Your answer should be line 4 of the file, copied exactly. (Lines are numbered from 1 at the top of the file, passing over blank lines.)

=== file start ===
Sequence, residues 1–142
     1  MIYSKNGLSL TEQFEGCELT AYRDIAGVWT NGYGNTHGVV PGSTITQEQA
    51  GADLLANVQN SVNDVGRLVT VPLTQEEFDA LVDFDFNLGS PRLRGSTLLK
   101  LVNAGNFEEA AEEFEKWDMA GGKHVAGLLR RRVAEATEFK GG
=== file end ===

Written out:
   101  LVNAGNFEEA AEEFEKWDMA GGKHVAGLLR RRVAEATEFK GG